Ryan turned around and shrugged. “Then what good is talking going to do? If that happens, we’ll need to fess up or it’ll be worse for us.”
Ryan ran a sweaty hand through his curls, making them glisten in the sunlight. “Maybe it’s better if they do find out. You two will be right; it will be me they come after. We all know this was my fault. I was the one who put the email in his locker. If I hadn’t, Andrew would be alive right now.”
“We don’t know that. How could we have known what would happen?” Harriet looked at Claire, her eyes wide, pleading with her to agree.
“It wasn’t just you, Ryan,” Claire said, tears streaming down her face afresh. “I should have been a better friend; I should have stood up for him. I’m the one they will point a finger at. If they don’t, they should.”
“You hardly spoke to him at school,” Harriet said. “None of us did,”
“Maybe. But I saw him all the time on the weekends,” Claire said. “We sat together every week at soccer. I saw what Peter and Bailey were doing to him. We all did. And none of us said anything.”
“Yeah well,” Harriet added. “I was the one who suggested putting that photo of him from camp last year in his locker too.”
“You didn’t tell me you put the photo in his locker as well,” Claire said, a deep heat burning in her chest.
“Sure I did. That and the printed copy of the email – but they’re both gone now, off into the air, flying free.”
Ryan rolled his eyes.
“But, hang on,” Claire said. “It was more than just the email we burnt. It was the letters Andrew wrote to us as well, yeah?”
Ryan and Harriet looked at her blankly.
“The letters that we talked about this morning, the ones he’d left in our desks.
“Is that what you were talking about?” Ryan said. “I thought you were muttering about the email.”
“So…” Claire said, her voice shaking, “Andrew didn’t leave letters in your desks yesterday after school?”
Ryan and Harriet shook their heads.
“Claire, what are you talking about?”
Claire buried her face in her hands. “This morning when I got to school, there was a letter from Andrew in my desk. He’d hand written it on notepaper with roses around the edges. It even smelled pretty, like perfume.”
Harriet gave a half smile.
“He told me how he’d always looked up to me. He said I was the closest thing he’d ever had to a friend and thanked me for being kind to him. He said he was disappointed by the email left in his locker,” Claire began sobbing, “that he thought I was better than that. He said,” she gasped for air, “that he knew taking his own life was the easy option, but that he wanted easy for once.”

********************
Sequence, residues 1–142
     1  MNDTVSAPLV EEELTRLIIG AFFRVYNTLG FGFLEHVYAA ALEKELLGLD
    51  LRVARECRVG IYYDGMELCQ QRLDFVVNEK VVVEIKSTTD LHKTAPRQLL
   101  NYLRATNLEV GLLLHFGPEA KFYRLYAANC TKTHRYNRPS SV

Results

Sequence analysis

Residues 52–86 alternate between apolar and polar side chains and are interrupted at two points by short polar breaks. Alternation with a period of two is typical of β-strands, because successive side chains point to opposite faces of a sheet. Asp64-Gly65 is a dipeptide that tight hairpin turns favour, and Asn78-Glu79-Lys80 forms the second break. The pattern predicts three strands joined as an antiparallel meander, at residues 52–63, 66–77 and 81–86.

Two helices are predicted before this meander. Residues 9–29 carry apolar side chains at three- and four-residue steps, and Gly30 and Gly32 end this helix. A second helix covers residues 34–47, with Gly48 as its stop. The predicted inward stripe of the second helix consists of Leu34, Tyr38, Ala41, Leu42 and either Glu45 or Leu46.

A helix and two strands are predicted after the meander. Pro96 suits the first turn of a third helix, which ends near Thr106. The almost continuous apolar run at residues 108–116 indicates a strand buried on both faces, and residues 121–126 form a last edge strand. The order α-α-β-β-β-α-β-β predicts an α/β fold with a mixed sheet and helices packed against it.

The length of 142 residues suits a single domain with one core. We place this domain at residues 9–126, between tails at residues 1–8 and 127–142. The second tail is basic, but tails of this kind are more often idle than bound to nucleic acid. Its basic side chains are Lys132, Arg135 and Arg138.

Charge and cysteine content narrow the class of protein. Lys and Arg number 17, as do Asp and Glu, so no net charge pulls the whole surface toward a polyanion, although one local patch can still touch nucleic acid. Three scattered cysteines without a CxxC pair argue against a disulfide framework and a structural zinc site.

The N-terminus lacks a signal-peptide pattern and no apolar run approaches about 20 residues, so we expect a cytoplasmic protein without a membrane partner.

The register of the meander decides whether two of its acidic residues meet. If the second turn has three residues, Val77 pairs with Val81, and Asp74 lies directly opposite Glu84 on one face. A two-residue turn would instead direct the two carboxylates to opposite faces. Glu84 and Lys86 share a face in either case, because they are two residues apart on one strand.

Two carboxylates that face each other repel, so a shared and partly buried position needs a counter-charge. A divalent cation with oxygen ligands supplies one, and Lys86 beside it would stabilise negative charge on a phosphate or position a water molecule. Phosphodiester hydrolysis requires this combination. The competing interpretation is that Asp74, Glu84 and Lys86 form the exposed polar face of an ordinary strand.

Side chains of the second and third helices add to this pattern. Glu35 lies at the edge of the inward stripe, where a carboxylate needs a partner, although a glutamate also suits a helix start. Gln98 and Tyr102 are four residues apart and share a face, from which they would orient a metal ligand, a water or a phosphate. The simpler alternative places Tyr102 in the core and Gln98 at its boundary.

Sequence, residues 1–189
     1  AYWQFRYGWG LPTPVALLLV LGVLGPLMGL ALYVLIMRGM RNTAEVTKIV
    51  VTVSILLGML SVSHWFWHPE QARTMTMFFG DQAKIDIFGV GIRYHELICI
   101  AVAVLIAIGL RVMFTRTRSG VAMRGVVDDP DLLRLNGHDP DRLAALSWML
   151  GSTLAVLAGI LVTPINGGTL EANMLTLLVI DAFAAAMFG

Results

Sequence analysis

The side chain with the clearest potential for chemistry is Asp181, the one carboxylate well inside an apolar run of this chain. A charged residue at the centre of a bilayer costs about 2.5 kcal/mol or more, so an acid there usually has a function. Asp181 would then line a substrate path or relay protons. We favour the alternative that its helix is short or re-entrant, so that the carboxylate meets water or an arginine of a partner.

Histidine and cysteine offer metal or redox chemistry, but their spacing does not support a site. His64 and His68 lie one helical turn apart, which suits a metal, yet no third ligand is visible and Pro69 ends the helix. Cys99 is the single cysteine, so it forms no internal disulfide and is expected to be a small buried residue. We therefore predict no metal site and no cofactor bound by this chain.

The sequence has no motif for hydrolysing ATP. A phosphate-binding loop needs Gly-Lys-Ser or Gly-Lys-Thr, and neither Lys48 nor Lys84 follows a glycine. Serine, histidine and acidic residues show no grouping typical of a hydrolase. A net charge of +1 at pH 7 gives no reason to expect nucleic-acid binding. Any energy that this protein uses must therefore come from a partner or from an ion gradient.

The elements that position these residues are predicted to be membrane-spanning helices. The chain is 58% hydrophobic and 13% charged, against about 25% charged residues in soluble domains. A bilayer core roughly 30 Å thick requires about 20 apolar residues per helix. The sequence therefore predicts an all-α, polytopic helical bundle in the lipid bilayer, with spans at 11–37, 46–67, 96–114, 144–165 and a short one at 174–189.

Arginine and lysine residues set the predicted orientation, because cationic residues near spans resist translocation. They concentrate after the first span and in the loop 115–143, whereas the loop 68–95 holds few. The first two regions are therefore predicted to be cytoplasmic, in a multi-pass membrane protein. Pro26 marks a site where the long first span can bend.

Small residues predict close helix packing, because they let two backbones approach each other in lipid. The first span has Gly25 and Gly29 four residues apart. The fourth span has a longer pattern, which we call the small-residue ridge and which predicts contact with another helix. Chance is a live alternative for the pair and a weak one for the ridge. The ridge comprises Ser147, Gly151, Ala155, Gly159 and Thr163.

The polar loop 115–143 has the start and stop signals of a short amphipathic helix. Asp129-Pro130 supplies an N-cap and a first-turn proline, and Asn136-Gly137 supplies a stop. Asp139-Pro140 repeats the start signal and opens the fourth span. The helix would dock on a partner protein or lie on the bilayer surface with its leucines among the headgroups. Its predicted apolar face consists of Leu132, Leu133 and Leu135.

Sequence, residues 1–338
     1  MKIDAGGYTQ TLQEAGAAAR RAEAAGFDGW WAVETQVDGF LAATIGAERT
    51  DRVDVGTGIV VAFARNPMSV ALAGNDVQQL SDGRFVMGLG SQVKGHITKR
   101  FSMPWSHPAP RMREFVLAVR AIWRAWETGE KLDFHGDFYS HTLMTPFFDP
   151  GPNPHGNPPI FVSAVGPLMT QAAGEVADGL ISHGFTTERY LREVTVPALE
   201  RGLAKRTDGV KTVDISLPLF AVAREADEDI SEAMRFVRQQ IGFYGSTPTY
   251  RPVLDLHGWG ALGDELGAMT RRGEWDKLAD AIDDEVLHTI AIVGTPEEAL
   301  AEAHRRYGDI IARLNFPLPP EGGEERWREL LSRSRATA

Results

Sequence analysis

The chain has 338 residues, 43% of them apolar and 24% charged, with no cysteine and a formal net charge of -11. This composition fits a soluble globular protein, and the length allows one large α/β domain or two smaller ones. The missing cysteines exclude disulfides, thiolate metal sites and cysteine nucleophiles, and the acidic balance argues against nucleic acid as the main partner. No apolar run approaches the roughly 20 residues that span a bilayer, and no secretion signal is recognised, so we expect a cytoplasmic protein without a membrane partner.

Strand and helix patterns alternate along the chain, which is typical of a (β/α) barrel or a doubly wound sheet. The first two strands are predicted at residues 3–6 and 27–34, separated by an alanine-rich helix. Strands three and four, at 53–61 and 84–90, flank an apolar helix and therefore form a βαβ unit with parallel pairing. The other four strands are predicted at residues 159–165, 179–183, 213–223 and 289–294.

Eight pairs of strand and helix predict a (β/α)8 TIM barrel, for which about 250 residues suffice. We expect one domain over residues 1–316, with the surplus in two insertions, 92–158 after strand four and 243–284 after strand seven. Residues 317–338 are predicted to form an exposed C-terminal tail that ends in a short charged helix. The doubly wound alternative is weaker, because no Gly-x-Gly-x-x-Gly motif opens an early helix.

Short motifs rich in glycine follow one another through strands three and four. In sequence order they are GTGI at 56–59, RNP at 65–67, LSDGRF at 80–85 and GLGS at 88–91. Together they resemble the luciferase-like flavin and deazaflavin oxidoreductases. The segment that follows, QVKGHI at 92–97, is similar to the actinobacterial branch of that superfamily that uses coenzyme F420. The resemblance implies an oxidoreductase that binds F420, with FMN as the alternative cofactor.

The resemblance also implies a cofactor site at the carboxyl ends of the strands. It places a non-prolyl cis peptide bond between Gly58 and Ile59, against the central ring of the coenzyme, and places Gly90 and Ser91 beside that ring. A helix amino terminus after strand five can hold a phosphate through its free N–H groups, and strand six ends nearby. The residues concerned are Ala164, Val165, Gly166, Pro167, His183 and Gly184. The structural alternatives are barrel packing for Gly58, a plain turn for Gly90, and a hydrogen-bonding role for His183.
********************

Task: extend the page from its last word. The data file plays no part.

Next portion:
Ryan and Harriet shuffled their feet in the dirt.
“I thought you two had got similar notes. I thought that was what you were saying.”
“Where’s that letter now?” Ryan asked.
Claire shrugged limp shoulders. “I put it in my blue folder. I told Harriet to get it out when she went back to the classroom for her cello.”
Harriet shook her head. “I took a folded piece of paper from in your diary.”
“What? You probably just burnt my History assignment. Harriet, I told you!”
“Shut up! I thought it was the email. I thought it was -“
“Harriet!” Ryan yelled. “Claire, did Andrew mention us by name in his note?”
“And where is that letter now?”
Fear swept across Claire’s face. “I guess it’s still in my blue folder.” Her chest tightened and her hands felt numb.
The three children stood and looked over the school grounds. There was nothing they could do now. Claire imagined her teacher looking through her desk, pulling out the note, reading it. Would tears fill her teacher’s eyes?
“It doesn’t matter anyway,” Claire whispered. “I can’t live with the guilt. I’d have told them anyway.”
Ryan nodded. Harriet wiped her nose with her sleeve.
“Might as well go home and wait for the phone call then.”
The three children looked back over the schoolyard. With school bags draped across their backs, they walked in the direction of each of their homes.
Thank you Catriona for sending in your wonderful writing.
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About the Author: Catriona McKeown
Catriona is a freelance writer, aspiring author, teacher, wife and the mother of three exceptional children. She lives on the Fraser Coast in Queensland, but has a passion for Western Australia, especially the Kimberley, where she and her family had the privilege of living for twelve months in the remote town of Halls Creek.